I covered a lot of turf here but I hope there may be a few valid points lost in there somewhere.

Posted by: remus on November 25, 2002 8:58 PM

There is no real disagreement between us, Mr. Auster.

Thank you for the reference to Fr. Seraphim Rose; I hadn’t heard of him before, but I did a Google search and found some fascinating reading.

Posted by: Charlie on November 25, 2002 9:24 PM

Remus, I very much appreciated the following points you made, which have been discussed by many authors. There is indeed an unwritten, un-spelled-out code behind the written Founding Documents of this country, without which the written ones cannot work but must ultimately come crashing down into dust. As you say, the Left with unerring instinct has understood this and has been toiling night and day to get at, and destroy, that unwritten code.

Remus says,

“The idea behind the American dream was that everyone would not only have the opportunity to enrich themselves and society, but would take that opportunity with joy. … [T]he revolutions of the 60s … destroyed many of the social mores that … held society together. … [T]he unwritten code [undergirding] the Constitution … held individuals together and created a community. Most of that has been destroyed in our increasingly liberal world … . Capitalism is the only part of the American ideal that is still flourishing, and without the attached Anglo-Christian-based morals that held society together for so long, the country is gradually turning … hedonistic … . People … promote all types of degrading, primitive crap to people who simply don’t know any better, in order to fill the vacuum created by the destruction of all the social mores. … Capitalism without any social mores will collapse in on itself.”

Posted by: Unadorned on November 25, 2002 11:16 PM


(1) You express a wish (I don’t know how seriously) to execute a large number of people who are probably our common enemies. While this is an understandable sentiment, it is also fascism, and is an illustration of how fascism is a danger for traditionalists in the modern world. (I think Thomas Molnar discusses this tendency to fascism, e.g. among the French traditionalists, in *The Counter-Revolution*, if my memory serves me.) It seems to me that traditionalists should, if only for practical reasons, be supporting a minimal (classical liberal or libertarian) central state which permits the coexistence of separate cultures either on a regional or “communal” basis, rather than a restored traditionalist state, which could only be imposed by force, and for this reason would actually be nothing like a traditional state, which was in normal times based on a high degree of social consensus (although it is also true that there was the occasional violent repression or even mass extermination). Under a minimal state which gave free rein to organization below the central state level, the most viable culture or cultures ought eventually to prevail, and liberalism of the modern kind would collapse without any further assistance from traditionalists.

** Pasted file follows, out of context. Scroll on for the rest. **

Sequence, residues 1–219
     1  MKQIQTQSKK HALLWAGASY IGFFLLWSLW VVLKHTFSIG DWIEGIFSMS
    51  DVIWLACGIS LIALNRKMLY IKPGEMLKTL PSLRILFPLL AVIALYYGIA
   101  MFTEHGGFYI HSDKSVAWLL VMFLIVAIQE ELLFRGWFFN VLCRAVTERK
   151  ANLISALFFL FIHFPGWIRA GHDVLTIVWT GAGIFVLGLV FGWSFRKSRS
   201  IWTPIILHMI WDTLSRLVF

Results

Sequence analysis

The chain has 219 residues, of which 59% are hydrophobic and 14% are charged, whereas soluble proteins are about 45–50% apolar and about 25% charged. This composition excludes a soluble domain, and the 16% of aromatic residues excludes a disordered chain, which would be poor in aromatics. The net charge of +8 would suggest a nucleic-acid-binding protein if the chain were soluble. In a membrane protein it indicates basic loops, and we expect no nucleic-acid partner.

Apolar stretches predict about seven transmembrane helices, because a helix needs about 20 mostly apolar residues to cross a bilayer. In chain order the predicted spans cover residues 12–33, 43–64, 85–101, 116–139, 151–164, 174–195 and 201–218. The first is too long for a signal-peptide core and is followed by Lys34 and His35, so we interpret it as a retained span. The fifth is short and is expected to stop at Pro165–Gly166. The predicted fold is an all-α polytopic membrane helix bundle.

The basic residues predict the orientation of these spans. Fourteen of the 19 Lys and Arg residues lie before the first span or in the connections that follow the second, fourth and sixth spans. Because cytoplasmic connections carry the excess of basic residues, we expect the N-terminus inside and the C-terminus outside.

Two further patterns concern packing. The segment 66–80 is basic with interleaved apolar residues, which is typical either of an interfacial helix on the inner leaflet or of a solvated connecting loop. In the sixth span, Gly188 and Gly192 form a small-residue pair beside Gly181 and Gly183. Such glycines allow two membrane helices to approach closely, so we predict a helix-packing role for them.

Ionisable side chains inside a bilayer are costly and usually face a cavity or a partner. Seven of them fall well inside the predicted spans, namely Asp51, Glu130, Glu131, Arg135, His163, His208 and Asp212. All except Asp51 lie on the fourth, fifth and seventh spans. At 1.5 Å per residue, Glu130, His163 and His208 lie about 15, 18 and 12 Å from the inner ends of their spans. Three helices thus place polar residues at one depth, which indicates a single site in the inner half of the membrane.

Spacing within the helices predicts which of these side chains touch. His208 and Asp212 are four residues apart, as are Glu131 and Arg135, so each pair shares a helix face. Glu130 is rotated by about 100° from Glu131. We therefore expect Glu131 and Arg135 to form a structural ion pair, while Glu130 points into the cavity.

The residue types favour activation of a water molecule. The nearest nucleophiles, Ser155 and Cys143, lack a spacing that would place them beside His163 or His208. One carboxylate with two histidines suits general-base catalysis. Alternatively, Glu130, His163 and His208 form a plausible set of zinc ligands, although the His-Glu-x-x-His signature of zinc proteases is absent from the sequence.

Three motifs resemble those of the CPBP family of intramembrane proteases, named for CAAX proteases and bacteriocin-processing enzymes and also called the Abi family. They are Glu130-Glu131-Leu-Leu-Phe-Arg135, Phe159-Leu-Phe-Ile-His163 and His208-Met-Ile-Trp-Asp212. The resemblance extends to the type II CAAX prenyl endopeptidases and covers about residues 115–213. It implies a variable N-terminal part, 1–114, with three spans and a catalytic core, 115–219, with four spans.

(2) You say that “the change is not among the old aristocratic class”. Now I am neither an aristocrat nor even an American, but I have the impression that this view may be lacking in perspective, and that you are under- rather than overestimating the “direness of the situation”. I remember reading in the *New York Review of Books* a few years ago that when TV first appeared on the scene the American aristocracy at first rejected it but then (1960s?) succumbed to the habit of watching it like everyone else. Nowadays, what appears at first sight to be a traditional way of life may actually be no more than a fading afterimage of a traditional way of life, distinct only by comparison with the somewhat more advanced degeneration to be found elsewhere. We have lost so much of the traditional way of life that even the more educated among us probably have difficulty appreciating what has been lost; at least this is something I have slowly been coming to realize, long after leaving university.

At least until recently, the English were typically quite complacent about the immunity of their comparatively aristocratic upper-class culture from “Americanization”, when all the time that culture was adopting “American” features with merely a slight delay after America. Perhaps the same is the case for the old-money U.S. aristocracy. If there were a genuinely flourishing aristocratic class anywhere, one suspects that it would be have an irresistible force of cultural expansion, rather than be cowering in the face of democratic power.

Posted by: Ian Hare on November 26, 2002 10:34 AM

Ian is on target. The “old money” fortunes that were made during the industrial revolution of the late 19th-early 20th centuries have been put completely at the disposal of liberal tendencies in our society. The other night on the O’Riley Factor, Bill interviewed Robert Kennedy’s daughter (the one married to Cuomo) and she sounded just like the left end of the Democratic Party. I’m sure if her grandfather, old Joe Kennedy, had heard her he would have taken her over his knee, spanked her and sent her to her room without supper. The same, of course, can be said for the Rockerfellers and all the rest of those families who are considered “old mmoney”. After all most of the Foundations their fortunes founded are now totally at the service of the left-liberal agenda. Henry Ford II was the last one to complain about it and he lost control of the Ford Foundation. Even the “old money” grandchildren want to be considered “hip” these days.

Posted by: Charles Rostkowski on November 26, 2002 11:08 AM